To inhibit the immune inflammation in the allografts can be beneficial to organ transplantation. This study aims to induce the donor antigen specific regulatory T cells (Treg cell) inhibit the immune inflammation in the allograft heart. In this study, peripheral exosomes were purified from the mouse serum. A heart transplantation mouse model was developed. The immune inflammation of the allograft heart was assessed by histology and flow cytometry. The results showed that the donor antigen-specific T helper (Th)2 pattern inflammation was observed in the allograft hearts; the inflammation was inhibited by immunizing the recipient mice with the donor-derived exosomes. Purified peripheral exosomes contained integrin MMP1a; the latter induced CD4(+) T cells to express Fork head protein-3 and transforming growth factor (TGF)-β via inhibiting the Th2 transcription factor, GATA binding protein 3, in CD4(+) T cells. Administration with the donor-derived exosomes significantly prolonged the allograft heart survival. We conclude that the donor-derived peripheral exosomes have the capacity to inhibit the immune inflammation in the allograft heart via inducing specific Treg cells, implicating that administration with the donor-derived exosomes may be beneficial to cardiac transplantation.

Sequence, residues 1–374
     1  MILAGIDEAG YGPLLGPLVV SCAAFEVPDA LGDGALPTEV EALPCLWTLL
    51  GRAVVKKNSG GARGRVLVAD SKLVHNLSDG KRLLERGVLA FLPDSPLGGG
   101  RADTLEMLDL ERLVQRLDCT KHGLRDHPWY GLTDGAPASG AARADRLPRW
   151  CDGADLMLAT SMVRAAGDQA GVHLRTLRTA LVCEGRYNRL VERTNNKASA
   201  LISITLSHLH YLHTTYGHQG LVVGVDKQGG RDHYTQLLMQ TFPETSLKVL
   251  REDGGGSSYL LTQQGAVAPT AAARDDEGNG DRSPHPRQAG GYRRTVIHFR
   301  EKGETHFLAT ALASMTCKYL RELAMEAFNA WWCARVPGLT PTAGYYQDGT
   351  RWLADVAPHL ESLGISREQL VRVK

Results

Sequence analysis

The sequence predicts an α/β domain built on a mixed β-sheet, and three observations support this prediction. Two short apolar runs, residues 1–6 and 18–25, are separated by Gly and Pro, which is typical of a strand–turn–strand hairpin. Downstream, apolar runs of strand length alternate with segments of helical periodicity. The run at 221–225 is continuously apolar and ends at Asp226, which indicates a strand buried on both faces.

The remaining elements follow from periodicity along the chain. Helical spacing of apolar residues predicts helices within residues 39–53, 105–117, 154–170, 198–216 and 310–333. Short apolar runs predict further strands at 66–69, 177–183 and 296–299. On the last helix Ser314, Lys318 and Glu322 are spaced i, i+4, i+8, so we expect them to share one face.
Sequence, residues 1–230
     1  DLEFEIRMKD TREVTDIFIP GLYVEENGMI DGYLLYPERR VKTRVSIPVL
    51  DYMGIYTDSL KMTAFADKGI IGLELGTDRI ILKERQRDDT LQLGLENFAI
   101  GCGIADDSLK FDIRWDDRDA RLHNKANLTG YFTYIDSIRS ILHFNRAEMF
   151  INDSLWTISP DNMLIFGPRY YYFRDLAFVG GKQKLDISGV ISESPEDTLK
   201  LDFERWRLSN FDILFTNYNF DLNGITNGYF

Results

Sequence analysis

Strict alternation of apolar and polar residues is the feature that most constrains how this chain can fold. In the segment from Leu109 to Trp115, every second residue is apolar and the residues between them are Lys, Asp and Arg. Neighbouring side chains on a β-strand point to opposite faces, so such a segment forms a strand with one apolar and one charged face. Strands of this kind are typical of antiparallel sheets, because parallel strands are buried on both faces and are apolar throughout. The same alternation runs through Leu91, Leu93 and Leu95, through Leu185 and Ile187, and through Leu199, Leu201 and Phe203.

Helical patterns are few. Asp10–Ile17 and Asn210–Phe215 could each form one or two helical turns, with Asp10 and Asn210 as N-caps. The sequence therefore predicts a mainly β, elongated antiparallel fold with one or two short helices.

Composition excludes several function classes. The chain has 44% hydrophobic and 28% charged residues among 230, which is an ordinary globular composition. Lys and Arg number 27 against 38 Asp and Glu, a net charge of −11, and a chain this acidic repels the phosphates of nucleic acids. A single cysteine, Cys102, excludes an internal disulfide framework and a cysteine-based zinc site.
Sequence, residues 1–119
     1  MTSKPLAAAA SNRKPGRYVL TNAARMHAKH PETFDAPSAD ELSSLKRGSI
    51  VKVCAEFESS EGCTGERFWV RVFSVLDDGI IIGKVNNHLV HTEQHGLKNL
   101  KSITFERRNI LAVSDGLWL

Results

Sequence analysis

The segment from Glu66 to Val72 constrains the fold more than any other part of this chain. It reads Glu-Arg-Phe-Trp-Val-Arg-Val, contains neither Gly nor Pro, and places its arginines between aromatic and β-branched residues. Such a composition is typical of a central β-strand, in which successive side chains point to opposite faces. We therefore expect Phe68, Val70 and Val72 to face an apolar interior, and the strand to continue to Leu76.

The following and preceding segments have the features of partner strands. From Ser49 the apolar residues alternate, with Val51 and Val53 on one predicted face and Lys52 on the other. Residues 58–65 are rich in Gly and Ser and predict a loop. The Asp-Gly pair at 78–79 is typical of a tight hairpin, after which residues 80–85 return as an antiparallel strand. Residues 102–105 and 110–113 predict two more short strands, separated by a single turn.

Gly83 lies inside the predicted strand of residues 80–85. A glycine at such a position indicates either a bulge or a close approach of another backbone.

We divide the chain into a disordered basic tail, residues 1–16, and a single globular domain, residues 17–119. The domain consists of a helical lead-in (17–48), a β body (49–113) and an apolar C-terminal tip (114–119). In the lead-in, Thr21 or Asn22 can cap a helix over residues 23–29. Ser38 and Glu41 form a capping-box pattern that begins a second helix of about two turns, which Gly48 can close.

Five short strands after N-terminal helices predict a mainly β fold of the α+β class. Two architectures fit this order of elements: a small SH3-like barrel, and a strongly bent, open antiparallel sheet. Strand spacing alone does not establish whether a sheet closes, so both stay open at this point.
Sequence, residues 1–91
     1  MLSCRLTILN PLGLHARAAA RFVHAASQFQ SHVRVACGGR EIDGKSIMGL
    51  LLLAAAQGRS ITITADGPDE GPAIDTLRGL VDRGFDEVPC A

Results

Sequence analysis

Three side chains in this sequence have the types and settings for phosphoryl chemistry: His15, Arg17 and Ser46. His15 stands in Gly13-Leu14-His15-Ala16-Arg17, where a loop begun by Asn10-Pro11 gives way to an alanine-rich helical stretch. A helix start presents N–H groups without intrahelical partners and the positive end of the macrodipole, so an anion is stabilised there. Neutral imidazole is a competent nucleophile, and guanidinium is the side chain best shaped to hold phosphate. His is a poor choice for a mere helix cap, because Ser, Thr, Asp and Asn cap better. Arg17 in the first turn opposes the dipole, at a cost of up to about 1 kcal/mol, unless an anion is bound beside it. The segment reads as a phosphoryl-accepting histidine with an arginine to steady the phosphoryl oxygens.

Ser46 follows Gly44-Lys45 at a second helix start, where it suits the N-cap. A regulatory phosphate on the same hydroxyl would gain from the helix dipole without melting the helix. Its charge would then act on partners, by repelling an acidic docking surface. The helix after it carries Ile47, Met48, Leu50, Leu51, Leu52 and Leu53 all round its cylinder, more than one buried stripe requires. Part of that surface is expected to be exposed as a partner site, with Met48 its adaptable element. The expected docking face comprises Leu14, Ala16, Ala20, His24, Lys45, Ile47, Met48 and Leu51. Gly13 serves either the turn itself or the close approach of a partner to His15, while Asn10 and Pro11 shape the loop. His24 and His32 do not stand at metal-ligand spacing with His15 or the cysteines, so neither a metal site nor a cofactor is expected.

MMP1a plays a critical role in the donor-derived exosome-induced allograft tolerance
The recipient mice of heart allograft were treated with the exosomes (or non-donor-derived exosomes; #) and anti-MMP1a (0.25 mg/mouse) or MMP1a (0.1 mg/mouse) on the day of surgery. (A) the heart histology image shows infiltration of inflammatory cells. (B–D) the histograms show the frequency of IL-4+ T cells (B), IFN-γ+ T cells and proliferating CD4+ T cells (D). Each group consists of 12 mice. Samples from 4 mice were pooled as one sample.